7. 7. 1578 McLaughlin et al. JACC Vol. 53, No. 17, 2009 Expert Consensus Document on Pulmonary Hypertension April 28, 2009:1573–619disease. Patients with PAH related to CHD who are not consensus on important points. In instances where there wascandidates for surgical correction are treated similar to not consensus amongst the writing group, a majority opin-IPAH patients. The natural history of such patients tends to ion and a minority opinion is presented. Each writing groupbe better than those with other types of PAH. member has read and approved the entire document. Out- side peer review was also undertaken before the document1.9. Pediatric Pulmonary Arterial Hypertension was finalized.Persistent PH of the newborn is a syndrome characterizedby increased pulmonary vascular resistance, right to left 3. Pathology and Pathogenesisshunting, and severe hypoxemia. Treatment options includeinhaled nitric oxide (iNO) and extracorporeal membrane PAH is a syndrome resulting from restricted flow throughoxygenation. Pediatric IPAH is treated similar to that in the pulmonary arterial circulation, which leads to patholog-adults. A higher percentage of children are acute responders ical increases in PVR and ultimately to right heart failureand candidates for calcium channel blockers. (5). The predominant cause of increased PVR is loss of vascular luminal cross section due to vascular remodeling2. Introduction produced by excessive cell proliferation and reduced rates of apoptosis, although excessive vasoconstriction plays a sig-The field of PH has evolved substantially over the past nificant role in approximately 20% of patients (6,7).decade. While there are some data from which evidence Improved understanding of the disease pathways inbased guidelines for PAH have been generated, other PAH, even if a single primary cause remains elusive, has ledaspects of the assessment and management of PH have been to therapeutic strategies, including the administration oflargely unexplored. prostanoids, the antagonism of endothelin receptors, and inhibition of PDE-5. Future therapeutic options identified The writing committee consisted of acknowledged ex- by basic studies include inhibiting pyruvate dehydrogenaseperts in the field of PH. In addition to members designated kinase (PDK), the serotonin transporter (5-HTT), theby the ACCF and AHA, the Writing Committee included antiapoptotic protein survivin, several transcription factorsrepresentation from the American College of Chest Physi- (notably hypoxia inducible factor-1 alpha [HIF-1 alpha]cians (ACCP); the American College of Rheumatology; the nuclear factor activating T lymphocytes [NFAT]), andAmerican Thoracic Society, Inc. (ATS); and the Pulmonary augmenting voltage-gated potassium channel channels (e.g.,Hypertension Association (PHA). This diverse representa- Kv1.5). Additional therapies in early clinical developmenttion reflects the multidisciplinary nature of PH. Represen- include vasoactive intestinal peptide and tyrosine kinasetation by an outside organization does not necessarily imply inhibitors. Administration of angiogenic factors and stemendorsement. This document was reviewed by 4 official cells and agents targeting mitochondrial dysfunction mayrepresentatives from the ACCF and AHA; organizational also have therapeutic promise.review by the ACCP, ATS, and PHA; as well as by 13content reviewers. This document was approved for publi- 3.1. Histologycation by the governing bodies of the ACCF in November PAH is a panvasculopathy predominantly affecting small2008 and AHA in February 2009. In addition, the govern- pulmonary arteries (also called “resistance arteries” becauseing boards of the ACCP, ATS, and PHA formally endorsed they regulate regional blood flow in the lung) (8). PAH isthis document. This document will be considered current characterized by a variety of arterial abnormalities, includinguntil the Task Force on ECDs revises it or withdraws it intimal hyperplasia, medial hypertrophy, adventitial prolif-from publication. eration, thrombosis in situ, varying degrees of inflammation, This statement is the first ACCF/AHA Clinical Expert and plexiform arteriopathy. An individual patient mayConsensus Document on PH. At its first meeting, each manifest all of these lesions, and the distribution of lesionsmember of this ACCF/AHA Writing Committee indicated may be diffuse or focal. Our understanding of the naturalany relationships with industry, and these relationships were history of the evolution of vascular lesions in PAH, exceptreiterated at each subsequent meeting and on each confer- for patients with CHD, is limited because biopsies are rarelyence call. Relevant conflicts of the writing committee and obtained in adult patients. However, it is believed thatpeer reviewers are reported in Appendixes 1 and 2, respec- medial hypertrophy is an earlier and more reversible lesiontively. At the first meeting the writing committee discussed than intimal fibrosis or plexogenic arteriopathy.the topics to be covered in the document and assigned leadauthors for each section. The entire writing group reviewed 3.2. The Right Ventricleeach section and discussed important issues for further RV function is a major determinant of functional capacitydrafts. The committee met again to come to a consensus on and prognosis in PAH (5). While RV hypertrophy andoutstanding issues, and further meetings and teleconfer- dilatation are initiated by increased afterload (i.e., elevatedences occurred between the chairman and writing group PVR), the adequacy of the RV’s compensatory responsemembers who were not present at the meetings to ensure (preservation of stroke volume) is quite variable amongst Downloaded from content.onlinejacc.org by on June 2, 2010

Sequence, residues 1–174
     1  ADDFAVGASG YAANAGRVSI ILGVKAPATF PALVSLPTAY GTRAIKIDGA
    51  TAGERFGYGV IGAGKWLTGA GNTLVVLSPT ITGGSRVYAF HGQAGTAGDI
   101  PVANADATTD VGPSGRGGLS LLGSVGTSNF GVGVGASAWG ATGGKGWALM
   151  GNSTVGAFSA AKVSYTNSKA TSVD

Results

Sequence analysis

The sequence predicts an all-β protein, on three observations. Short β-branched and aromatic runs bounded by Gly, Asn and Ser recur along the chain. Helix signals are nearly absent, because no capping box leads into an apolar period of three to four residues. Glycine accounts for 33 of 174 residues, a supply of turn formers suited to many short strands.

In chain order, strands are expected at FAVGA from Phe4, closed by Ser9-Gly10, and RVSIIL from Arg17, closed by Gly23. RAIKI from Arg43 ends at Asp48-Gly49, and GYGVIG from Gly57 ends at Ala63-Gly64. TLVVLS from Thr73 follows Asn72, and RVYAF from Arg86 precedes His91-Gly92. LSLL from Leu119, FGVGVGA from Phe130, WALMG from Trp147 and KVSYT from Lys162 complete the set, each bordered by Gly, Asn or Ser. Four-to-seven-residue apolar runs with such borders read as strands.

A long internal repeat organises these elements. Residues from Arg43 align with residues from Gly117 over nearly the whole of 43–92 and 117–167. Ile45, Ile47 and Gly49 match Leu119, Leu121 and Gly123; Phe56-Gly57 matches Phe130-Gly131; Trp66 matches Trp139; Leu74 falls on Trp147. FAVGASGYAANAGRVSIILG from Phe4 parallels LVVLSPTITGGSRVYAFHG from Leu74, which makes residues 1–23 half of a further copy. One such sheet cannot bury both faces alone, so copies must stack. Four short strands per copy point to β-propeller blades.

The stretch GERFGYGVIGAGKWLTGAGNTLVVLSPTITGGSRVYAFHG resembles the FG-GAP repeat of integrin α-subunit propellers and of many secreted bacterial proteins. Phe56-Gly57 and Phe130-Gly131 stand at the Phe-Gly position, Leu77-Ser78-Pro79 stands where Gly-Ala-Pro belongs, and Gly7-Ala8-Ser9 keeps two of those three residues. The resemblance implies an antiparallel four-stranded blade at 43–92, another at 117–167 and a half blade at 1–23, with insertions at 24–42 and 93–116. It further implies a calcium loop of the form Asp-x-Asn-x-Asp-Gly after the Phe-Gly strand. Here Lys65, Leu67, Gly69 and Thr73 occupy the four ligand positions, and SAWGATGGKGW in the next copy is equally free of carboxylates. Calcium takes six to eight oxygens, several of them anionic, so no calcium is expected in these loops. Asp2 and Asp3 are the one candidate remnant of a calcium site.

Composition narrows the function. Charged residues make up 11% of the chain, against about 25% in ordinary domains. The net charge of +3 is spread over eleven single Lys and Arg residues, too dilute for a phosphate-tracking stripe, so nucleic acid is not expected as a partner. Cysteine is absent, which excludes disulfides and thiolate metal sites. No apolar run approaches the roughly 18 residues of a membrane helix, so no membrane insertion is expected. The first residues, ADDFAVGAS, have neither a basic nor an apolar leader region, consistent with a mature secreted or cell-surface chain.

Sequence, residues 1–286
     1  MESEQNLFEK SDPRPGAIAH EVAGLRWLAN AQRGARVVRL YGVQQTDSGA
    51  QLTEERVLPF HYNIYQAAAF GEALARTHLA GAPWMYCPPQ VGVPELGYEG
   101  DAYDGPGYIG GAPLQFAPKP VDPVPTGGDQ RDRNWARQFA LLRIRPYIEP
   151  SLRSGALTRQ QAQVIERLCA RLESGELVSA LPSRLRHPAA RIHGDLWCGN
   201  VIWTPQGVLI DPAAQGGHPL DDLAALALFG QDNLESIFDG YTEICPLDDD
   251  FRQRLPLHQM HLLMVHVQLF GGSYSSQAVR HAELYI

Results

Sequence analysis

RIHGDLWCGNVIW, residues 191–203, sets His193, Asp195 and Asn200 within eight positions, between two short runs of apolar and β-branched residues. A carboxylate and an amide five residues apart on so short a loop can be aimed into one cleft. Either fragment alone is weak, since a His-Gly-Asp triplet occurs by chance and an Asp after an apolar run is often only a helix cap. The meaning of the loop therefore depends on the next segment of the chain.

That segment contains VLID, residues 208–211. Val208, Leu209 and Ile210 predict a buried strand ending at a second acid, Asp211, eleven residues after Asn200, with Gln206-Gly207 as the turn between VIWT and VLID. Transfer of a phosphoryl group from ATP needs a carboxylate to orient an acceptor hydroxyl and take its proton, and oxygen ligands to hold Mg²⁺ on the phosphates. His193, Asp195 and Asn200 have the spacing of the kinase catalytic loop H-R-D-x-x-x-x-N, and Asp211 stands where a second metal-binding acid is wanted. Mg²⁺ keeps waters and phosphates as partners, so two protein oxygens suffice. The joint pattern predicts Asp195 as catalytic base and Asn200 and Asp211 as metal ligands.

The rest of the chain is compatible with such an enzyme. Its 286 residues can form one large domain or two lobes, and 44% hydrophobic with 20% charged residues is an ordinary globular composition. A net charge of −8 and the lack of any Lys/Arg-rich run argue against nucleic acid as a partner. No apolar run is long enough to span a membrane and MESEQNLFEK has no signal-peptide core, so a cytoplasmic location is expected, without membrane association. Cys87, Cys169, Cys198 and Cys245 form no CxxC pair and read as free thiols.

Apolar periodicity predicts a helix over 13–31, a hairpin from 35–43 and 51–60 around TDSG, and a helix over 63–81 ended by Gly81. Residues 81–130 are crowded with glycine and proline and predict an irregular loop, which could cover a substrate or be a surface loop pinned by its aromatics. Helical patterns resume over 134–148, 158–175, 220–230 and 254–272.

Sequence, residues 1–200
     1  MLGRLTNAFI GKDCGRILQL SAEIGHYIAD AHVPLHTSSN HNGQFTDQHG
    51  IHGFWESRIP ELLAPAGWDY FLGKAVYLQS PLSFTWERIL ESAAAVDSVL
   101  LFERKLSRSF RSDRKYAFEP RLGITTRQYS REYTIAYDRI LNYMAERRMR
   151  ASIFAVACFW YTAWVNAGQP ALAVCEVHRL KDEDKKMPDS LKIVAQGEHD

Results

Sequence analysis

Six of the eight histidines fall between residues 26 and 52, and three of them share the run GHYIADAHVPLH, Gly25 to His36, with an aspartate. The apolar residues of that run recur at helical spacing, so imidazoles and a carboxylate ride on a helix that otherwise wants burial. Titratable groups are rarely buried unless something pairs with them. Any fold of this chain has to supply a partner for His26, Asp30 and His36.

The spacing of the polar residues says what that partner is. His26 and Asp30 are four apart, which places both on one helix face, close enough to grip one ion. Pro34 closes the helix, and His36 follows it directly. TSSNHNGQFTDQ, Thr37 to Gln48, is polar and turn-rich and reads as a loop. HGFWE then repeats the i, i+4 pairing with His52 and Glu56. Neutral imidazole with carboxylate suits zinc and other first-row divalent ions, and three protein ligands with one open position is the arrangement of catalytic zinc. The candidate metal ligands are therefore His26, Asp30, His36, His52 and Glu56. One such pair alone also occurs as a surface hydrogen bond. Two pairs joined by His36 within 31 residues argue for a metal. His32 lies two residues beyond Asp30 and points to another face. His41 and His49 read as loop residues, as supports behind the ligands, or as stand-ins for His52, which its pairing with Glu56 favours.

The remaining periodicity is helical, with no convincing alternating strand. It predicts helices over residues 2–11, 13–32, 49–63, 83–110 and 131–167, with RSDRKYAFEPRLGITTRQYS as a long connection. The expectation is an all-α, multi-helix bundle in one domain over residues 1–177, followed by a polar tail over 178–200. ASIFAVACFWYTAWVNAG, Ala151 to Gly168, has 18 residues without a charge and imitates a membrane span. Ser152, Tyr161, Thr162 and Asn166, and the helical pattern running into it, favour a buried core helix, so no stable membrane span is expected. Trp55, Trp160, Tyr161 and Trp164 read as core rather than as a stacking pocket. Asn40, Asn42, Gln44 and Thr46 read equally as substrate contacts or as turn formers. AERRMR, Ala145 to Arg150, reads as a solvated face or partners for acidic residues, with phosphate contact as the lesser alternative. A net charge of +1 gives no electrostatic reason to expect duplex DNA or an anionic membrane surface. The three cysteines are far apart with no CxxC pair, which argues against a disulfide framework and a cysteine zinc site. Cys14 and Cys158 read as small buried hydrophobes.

8. 8. JACC Vol. 53, No. 17, 2009 McLaughlin et al. 1579April 28, 2009:1573–619 Expert Consensus Document on Pulmonary Hypertensionindividuals. It remains unclear why some RVs compensate vasodilator, inhibits platelet activation, and has antiprolif-while others decompensate, manifest as thinning and dila- erative properties, whereas thromboxane A2 is a potenttation of the wall, and reduce the RV ejection fraction. The vasoconstrictor and promotes proliferation platelet activa-neonatal RV is much more tolerant of increased PVR, tion. In PAH, the balance between these 2 molecules ispartially explaining the better survival in children with PAH shifted toward thromboxane A2 (17), favoring thrombosis,associated with CHD. RV function could potentially be proliferation, and vasoconstriction. Additionally, prostacy-improved by effective therapies to regress pulmonary vascu- clin synthase is decreased in the small- and medium-sizedlar obstruction or by directly improving RV contractile pulmonary arteries in PAH (20).function.3.3. Molecular Abnormalities in Pulmonary 3.7. Endothelin-1Arterial Hypertension Endothelin-1 (ET-1) is a potent vasoconstrictor and stim-The pathobiological mechanisms of PAH have recently ulates PASMC proliferation. Plasma levels of ET-1 arebeen reviewed (9). The PAH “phenotype” is characterized increased in PAH and correlate with severity of PAH andby endothelial dysfunction, a decreased ratio of apoptosis/ prognosis (21). Moreover, clearance of ET-1 in the pulmo-proliferation in pulmonary artery smooth muscle cells nary vasculature is reduced in PAH (19).(PASMCs), and a thickened, disordered adventitia in whichthere is excessive activation of adventitial metalloproteases. 3.8. Nitric OxideLike cancer and atherosclerosis, PAH does not have a single Nitric oxide (NO) is a vasodilator and inhibitor of plateletcause: a “multi-hit model” is more likely. activation and vascular smooth-muscle cell proliferation.3.4. Genetics of Pulmonary Arterial Hypertension NO is produced by 3 isoforms of nitric oxide synthases (NOS). Decreased endothelial NOS (NOS3) has beenPAH is inherited in less than 10% of cases (1,10). Muta- observed in PAH patients (18). Once formed, the effects oftions in 2 genes in the transforming growth factor beta NO are largely mediated by cyclic guanosine monophos-receptor pathway, BMPR2, and activin-like kinase 1 have phate (cGMP) which is rapidly inactivated by PDE, espe-been implicated in the pathogenesis of familial PAH. cially the PDE-5 isoenzymes. eNOS knockout mice displayBMPR2 modulates vascular cell growth by activating the PH and even more profound systemic hypertension (22).intracellular pathways of SMAD and LIM kinase (11–13) PDE-5 is present in large amounts in the lung, givingMany different BMPR2 mutations occur in familial PAH. rationale for the use of PDE-5 inhibitors in PAH.These mutations, which lead to loss of function in theSMAD signaling pathway, are prevalent in familial PAH 3.9. Additional Vasoactive Substances(prevalence 75%) (11,12). Activin-like kinase 1 muta-tions, detected in a group of patients with hereditary Serotonin (5-hydroxytryptamine) is a vasoconstrictor andhemorrhagic telangiectasia and PAH (13), are also thought promotes PASMC hypertrophy and hyperplasia. Allelicto result in growth-promoting alterations of SMAD- variation in serotonin transporter (5-HTT) and thedependent signaling. Overexpression of a dominant nega- 5-hydroxytryptamine 2B receptor (5-HT2B), have beentive form of BMPR2 in PASMC leads to PAH and Kv1.5 described in platelets and lung tissue from patients withdownregulation in transgenic mice (14,15). PAH (23). Transgenic mice overexpressing the serotonin transporter have PAH and decreased Kv1.5 expression (14).3.5. Abnormalities in the Blood and Endothelium in Despite these observations, the level of serotonin alone isPulmonary Arterial Hypertension not likely a determinant of PAH, since serotonin-reuptakeIn the vascular lumen, PAH is characterized by platelets inhibitors are in widespread clinical use but are not associ-that are depleted of serotonin and elevation of plasma ated with an increased incidence of PAH and may, in fact,serotonin (16). Endothelial dysfunction is common in be a potential PAH therapy (24). Vasoactive intestinalPAH. The PAH endothelium is characterized by increased peptide (VIP) is a member of the glucagon-growthproduction of vasoconstrictor/mitogenic compounds, such hormone-releasing superfamily and has a pharmacologicas endothelin and thromboxane, and deficient production of profile similar to prostacyclins. Serum and lung tissue VIPvasodilators, such as prostacyclin (17–19). Elevated levels of levels are decreased in PAH patients, and exogenous VIP mayfibrinopeptide A and plasminogen activator inhibitor-1 and decrease pulmonary artery pressure (PAP) and PVR, inhibitreduced levels of tissue plasminogen activator contribute to platelet activation, and reduce PASMC proliferation (25).the procoagulant state. Endothelial injury may also exposethe underlying smooth muscle cells to circulating mitogens 3.10. Inflammationand growth factors that stimulate cell proliferation. Autoantibodies, proinflammatory cytokines, and inflamma-3.6. Prostacyclin and Thromboxane A2 tory infiltrates have been observed in some cases of PAH,The prostanoids prostacyclin and thromboxane A2 are suggesting that inflammation may contribute to the devel-major arachidonic acid metabolites. Prostacyclin is a potent opment of some forms of PAH (26). Downloaded from content.onlinejacc.org by on June 2, 2010